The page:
Make GUI refresh not freeze language?

Hi all and wishing everyone a happy new year…

Wondering if anyone has a strategy in a case like this, where a GUI refresh is hanging up sclang and therefore resulting in choppy audio. (Beyond, of course, making the drawFunc more efficient.)

Is there a way to guarantee that GUI stuff will never hang up the rest of sclang? (I had sort of thought that’s what defer was meant to do, but I was clearly wrong)

(Also, throttling the rate of window refresh does not solve things – it just makes the hiccups less frequent)

(Edit: also I specifically need the audio scheduling to happen in sclang rather than on the server)

~synth = {\; }.play;
~window = Window().front;
UserView(~window, Rect(0, 0, 400, 400)).drawFunc_({
  Pen.use { {
      Pen.moveTo(1.0.rand@1.0.rand * 400);
      Pen.lineTo(1.0.rand@1.0.rand * 400);
      Pen.color = Color.rand;
fork { { |i|
    ~synth.set(\freq, i + 100);
    defer { ~window.refresh }; // comment this line for smooth audio

Within one sclang process, I don’t think so.

What you’re looking for is preemptive thread scheduling. Sclang doesn’t have this feature.

You could run two sclang processes and pass OSC messages between them. Then the OS will handle the threads preemptively (almost certainly running them on separate cores, on a multicore system, which is basically every computer now).


the idea of multiple clients on the same machine is interesting - I’ve used multiple clients on a network but never on one machine… this might help me with some performance problems…fyi basic guide is here: Multi-client Setups | SuperCollider 3.12.2 Help though without the OSC messaging part…

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Hm, my suggestion isn’t really “multi-client” though because only one of the sclang processes would be using the server. The other one would be doing graphics, but if it’s not connecting to the server, then it isn’t really a “client” and you would not need to worry about maxNumClients or such.

FWIW, when I was using SC as a MIDI clock source, I ran two sclang instances, one for live coding and one only for MIDI clock out, because I didn’t want MIDI clock timing to be affected by sequencing activities. It worked a treat.


(smacks head) ahh yes of course…

Yeah I had thought of running a separate instance… feels like a bit of a shame because at the moment I’m trying to make tools that are drop-in / non-prescriptive in how they’re used. (I find when I make a tool that is too dependent on a particular workflow or setup I never actually use it) – but I guess that might mean I should focus on making the GUIs more efficient, at least during playback… I wonder if there’s a way to abort the drawFunc at a certain point if things are taking too long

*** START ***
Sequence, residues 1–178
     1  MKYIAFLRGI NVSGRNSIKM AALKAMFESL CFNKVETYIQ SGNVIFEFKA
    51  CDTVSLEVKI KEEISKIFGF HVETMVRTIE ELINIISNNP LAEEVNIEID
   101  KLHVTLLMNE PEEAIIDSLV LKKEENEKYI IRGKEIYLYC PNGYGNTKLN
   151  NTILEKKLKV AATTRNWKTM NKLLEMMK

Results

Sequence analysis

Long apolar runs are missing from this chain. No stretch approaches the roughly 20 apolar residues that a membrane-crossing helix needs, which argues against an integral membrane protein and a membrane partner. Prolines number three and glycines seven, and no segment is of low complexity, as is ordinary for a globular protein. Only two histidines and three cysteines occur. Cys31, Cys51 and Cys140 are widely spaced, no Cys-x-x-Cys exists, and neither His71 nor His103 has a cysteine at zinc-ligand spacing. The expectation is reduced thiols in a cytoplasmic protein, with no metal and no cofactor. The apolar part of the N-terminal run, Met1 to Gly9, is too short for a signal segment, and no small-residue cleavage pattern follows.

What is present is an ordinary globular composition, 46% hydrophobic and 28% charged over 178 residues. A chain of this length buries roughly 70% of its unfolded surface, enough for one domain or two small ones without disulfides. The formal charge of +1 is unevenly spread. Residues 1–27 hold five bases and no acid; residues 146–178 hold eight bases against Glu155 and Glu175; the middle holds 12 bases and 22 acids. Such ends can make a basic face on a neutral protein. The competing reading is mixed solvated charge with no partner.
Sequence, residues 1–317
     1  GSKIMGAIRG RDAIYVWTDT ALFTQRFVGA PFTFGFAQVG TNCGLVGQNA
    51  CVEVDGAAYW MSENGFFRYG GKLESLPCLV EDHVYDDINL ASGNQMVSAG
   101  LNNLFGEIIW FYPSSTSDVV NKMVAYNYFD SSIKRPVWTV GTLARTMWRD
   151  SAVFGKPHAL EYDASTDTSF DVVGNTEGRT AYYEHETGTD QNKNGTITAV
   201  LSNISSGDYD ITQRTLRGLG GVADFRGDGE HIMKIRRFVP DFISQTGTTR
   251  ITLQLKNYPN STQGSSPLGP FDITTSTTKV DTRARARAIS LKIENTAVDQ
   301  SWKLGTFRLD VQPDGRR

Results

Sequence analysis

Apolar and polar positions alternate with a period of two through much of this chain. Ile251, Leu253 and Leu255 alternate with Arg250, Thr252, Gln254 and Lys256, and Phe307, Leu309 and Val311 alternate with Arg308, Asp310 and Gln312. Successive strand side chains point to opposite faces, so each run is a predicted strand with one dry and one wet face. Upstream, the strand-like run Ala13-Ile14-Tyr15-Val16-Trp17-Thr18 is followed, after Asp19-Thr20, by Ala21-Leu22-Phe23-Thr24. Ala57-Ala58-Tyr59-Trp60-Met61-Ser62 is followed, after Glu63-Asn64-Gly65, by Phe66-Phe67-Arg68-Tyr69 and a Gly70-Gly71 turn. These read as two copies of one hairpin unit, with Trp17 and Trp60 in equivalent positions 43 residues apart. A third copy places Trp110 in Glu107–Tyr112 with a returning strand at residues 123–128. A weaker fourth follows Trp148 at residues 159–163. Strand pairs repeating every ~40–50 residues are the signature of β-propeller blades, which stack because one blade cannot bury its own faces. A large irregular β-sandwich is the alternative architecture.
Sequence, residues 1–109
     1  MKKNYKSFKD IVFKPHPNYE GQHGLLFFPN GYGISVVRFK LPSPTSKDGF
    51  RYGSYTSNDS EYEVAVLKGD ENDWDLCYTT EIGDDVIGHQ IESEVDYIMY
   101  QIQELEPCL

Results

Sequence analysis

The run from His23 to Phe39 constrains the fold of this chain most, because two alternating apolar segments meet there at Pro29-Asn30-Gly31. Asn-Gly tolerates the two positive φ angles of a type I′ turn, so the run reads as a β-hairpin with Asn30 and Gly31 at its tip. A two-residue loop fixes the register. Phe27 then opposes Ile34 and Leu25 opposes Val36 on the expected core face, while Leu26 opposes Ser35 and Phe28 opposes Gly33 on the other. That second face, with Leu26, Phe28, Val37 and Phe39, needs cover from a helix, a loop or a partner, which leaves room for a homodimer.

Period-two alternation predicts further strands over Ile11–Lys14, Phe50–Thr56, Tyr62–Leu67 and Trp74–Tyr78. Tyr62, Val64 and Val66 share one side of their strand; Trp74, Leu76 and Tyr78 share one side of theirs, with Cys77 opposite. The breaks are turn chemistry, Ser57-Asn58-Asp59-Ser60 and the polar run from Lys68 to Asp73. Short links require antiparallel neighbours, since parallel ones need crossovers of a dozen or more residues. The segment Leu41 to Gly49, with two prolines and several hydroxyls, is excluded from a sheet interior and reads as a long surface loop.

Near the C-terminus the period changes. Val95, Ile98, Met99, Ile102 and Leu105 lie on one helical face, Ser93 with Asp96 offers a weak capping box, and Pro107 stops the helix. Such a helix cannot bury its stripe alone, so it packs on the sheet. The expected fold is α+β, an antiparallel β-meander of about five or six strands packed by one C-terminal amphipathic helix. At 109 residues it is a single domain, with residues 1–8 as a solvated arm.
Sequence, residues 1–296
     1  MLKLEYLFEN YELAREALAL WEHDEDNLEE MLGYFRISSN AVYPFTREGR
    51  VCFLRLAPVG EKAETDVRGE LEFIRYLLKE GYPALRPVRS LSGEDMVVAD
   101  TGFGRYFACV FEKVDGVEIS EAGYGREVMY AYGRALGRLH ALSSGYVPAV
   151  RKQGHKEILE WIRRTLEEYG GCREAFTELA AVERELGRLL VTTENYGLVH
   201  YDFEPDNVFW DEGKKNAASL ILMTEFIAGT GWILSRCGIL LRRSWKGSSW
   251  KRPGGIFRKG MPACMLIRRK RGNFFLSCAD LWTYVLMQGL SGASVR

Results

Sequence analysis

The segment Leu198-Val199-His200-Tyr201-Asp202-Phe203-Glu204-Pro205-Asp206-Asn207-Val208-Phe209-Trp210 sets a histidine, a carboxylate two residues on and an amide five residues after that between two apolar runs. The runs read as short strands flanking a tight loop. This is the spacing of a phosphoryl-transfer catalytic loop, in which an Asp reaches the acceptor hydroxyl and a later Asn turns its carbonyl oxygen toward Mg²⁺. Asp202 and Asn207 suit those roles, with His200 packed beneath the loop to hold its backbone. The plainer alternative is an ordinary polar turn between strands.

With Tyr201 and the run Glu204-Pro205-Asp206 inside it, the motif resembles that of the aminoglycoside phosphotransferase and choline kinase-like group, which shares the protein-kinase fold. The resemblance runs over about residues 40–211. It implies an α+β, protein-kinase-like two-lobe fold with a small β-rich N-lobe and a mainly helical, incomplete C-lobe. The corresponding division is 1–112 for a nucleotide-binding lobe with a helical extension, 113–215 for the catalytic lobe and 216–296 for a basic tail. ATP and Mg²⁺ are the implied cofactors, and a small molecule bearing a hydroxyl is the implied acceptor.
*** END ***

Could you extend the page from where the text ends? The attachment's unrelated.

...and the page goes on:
@jamshark70 when you ran two instances did you use a separate IDE instance as well or do you have tips for running a second sclang instance from the same IDE session? I guess it could be as simple as starting sclang from the command line with a particular port number and running a script that listens for OSC messages containing SC code and then evaluates them… though this sounds suspiciously like a security risk? (If this is the way I go I at least want to avoid building some monolithic GUI server.)

also, just because I’m curious, and this may be over my head – what is the reason for AppClock / defer if not to protect other Clocks from timing problems?

I guess it’s cool that I’ve been using custom GUIs for so long without running into this problem :slight_smile: I really always thought defer implied TempoClock timing immunity

My MIDI clock script doesn’t need to run arbitrary code, because it has just the one job. So there was no security risk in that case.

If you have a tempoclock that needs to do something at time point x, and something else on appclock at time point x (same time), you want the tempoclock to do its thing first. This was definitely a thing when I started with SC on a G4 iBook – single-core – if the server was busy, GUI updates could be delayed by up to half a second. On today’s multicore machines, this kind of contention is rare / non-existent.

SC has no way to interrupt a long-running function for a higher priority activity – it’s never had this. There is no timing immunity in SC. Normally this isn’t an issue because in most cases you can structure your code to run in very short bursts. A 20000-cycle drawFunc can’t be split up though… which is why you’re seeing the issue now (long running, un-splittable task with a high frame rate).


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Does this include the situation of defining SynthDefs in sclang and using another client in another language to send messages to the server? I remember I had problems trying that in the past, I was probably missing something like this.